This chapter builds on the hybrid concepts of “extractive peasants” and “smallholder miner-farmers” in order to rethink agrarian change and resource frontiers in a highly speculative, late capitalist global economy. Speculation, boom and bust, uncertainty, and violence are, of course, not new, but their emergence in rural areas, experienced by often marginalized rural peoples under new political economic and geopolitical terms now manifests in unprecedented ways. We use the examples of gold and rosewood booms to argue that the global geographies of late capitalism are generating new, flexible subjects in rural agrarian settings who must increasingly navigate volatile price dynamics, emergent export opportunities, changing political ecologies, and multiple and overlapping resource frontiers manifesting at the rural margins. These flexible agrarian subjects provide a parallel to the late capitalist flexible subjects of the Global North; they comprise a new class of flexible frontier-makers that will be a defining feature of the rural twenty-first century moving forward.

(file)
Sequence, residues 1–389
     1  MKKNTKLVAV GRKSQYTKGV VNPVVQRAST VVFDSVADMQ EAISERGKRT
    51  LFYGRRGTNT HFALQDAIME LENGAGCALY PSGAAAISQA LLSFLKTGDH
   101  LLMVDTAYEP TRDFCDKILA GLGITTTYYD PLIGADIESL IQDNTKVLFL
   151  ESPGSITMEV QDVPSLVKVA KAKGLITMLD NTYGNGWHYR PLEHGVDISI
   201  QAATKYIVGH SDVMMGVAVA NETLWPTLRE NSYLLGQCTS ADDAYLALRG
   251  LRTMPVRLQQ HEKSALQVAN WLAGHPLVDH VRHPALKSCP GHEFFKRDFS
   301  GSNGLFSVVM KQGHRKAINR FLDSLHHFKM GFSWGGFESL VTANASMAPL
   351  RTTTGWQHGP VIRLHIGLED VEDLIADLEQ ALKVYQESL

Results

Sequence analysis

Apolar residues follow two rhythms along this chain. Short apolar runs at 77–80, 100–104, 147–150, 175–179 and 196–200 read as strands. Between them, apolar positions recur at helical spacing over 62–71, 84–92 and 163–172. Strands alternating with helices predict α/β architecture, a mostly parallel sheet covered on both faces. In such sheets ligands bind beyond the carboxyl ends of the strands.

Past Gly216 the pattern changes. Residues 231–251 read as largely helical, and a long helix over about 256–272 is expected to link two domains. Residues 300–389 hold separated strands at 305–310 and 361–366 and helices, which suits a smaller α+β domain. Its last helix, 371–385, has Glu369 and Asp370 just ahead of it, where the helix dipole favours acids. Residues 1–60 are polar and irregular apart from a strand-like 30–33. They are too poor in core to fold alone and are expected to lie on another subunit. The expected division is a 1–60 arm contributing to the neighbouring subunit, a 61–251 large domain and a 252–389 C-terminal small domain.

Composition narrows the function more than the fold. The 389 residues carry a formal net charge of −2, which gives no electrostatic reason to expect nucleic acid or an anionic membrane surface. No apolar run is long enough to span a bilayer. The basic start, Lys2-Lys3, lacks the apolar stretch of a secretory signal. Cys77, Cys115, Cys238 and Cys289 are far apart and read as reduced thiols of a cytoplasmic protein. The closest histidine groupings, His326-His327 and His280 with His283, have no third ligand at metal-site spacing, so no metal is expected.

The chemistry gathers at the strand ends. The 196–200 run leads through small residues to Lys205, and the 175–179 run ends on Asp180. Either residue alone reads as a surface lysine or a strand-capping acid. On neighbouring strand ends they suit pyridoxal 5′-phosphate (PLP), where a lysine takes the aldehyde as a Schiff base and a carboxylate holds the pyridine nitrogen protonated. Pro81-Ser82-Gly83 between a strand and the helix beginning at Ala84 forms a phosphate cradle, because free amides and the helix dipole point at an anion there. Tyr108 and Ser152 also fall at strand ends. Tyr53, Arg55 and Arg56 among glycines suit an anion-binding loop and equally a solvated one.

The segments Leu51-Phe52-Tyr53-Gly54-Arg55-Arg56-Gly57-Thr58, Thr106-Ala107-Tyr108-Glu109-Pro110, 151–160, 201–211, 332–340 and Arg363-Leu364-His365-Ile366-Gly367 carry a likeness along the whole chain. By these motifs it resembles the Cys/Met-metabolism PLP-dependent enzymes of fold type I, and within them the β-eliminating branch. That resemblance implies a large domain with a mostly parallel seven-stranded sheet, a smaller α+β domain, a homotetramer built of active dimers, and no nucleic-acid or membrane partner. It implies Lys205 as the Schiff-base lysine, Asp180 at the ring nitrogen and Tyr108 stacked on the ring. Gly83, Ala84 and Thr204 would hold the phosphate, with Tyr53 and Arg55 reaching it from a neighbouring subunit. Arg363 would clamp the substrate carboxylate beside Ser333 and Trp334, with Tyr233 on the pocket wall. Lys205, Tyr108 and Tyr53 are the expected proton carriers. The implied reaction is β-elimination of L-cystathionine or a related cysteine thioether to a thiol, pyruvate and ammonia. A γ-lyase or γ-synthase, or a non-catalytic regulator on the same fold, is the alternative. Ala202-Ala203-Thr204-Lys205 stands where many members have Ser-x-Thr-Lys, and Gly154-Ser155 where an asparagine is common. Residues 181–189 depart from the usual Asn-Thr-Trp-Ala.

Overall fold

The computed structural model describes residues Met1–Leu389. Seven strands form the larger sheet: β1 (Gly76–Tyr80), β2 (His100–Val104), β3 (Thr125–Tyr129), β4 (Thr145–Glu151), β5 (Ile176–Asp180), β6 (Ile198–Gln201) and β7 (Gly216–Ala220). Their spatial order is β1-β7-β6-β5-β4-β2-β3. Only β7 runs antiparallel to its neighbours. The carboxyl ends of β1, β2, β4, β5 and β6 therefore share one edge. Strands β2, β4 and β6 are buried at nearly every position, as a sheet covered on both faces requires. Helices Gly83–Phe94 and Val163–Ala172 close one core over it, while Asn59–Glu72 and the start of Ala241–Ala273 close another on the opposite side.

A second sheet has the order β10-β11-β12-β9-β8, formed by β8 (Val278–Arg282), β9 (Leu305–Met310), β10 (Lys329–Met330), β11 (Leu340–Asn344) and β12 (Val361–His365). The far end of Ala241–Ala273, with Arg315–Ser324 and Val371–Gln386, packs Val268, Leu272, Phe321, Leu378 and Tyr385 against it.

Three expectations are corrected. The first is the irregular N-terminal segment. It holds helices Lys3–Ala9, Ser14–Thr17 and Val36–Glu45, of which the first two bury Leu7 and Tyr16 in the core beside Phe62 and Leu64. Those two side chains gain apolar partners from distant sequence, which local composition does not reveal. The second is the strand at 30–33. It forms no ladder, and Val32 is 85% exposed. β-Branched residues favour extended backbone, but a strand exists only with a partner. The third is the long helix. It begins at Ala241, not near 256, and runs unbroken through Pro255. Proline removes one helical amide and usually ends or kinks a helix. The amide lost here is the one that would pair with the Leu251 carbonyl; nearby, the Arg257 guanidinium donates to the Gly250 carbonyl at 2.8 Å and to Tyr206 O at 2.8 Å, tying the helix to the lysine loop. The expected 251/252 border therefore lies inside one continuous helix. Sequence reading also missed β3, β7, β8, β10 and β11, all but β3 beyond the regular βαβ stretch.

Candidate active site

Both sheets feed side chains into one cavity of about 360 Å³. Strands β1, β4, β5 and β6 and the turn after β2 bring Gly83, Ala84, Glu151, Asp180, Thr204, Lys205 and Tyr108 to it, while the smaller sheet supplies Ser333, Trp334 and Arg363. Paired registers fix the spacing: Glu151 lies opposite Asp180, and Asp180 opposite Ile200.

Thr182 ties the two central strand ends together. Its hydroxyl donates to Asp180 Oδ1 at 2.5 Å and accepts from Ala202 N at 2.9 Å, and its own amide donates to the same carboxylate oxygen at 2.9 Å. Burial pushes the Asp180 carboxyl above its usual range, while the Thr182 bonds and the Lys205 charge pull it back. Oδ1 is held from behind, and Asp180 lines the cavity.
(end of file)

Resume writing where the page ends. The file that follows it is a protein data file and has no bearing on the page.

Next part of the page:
|Title of host publication||The Routledge Handbook of Critical Resource Geography|
|Editors||Matthew Himley, Elizabeth Havice, Gabriela Valdivia|
|Place of Publication||London|
|Publisher||Taylor & Francis|
|Number of pages||13|
|Publication status||Published - 13 Jul 2021|